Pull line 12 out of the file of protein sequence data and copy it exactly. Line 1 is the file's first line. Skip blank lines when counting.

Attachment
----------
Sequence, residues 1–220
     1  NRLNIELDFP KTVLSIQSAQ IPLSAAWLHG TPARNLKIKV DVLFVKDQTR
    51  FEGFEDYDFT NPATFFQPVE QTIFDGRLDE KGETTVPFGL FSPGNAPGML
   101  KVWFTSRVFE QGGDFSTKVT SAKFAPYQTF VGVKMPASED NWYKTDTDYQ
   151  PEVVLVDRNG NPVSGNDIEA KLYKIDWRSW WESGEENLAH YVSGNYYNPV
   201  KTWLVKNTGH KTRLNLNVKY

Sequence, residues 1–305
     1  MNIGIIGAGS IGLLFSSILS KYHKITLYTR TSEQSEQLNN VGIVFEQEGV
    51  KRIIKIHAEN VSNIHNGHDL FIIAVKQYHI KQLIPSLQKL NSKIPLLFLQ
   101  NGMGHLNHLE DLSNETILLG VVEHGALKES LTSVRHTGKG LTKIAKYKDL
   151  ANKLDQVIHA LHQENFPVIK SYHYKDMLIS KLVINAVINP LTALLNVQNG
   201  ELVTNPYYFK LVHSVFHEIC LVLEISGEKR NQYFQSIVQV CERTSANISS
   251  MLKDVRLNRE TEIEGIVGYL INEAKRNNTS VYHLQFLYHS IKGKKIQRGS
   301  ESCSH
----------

   201  ELVTNPYYFK LVHSVFHEIC LVLEISGEKR NQYFQSIVQV CERTSANISS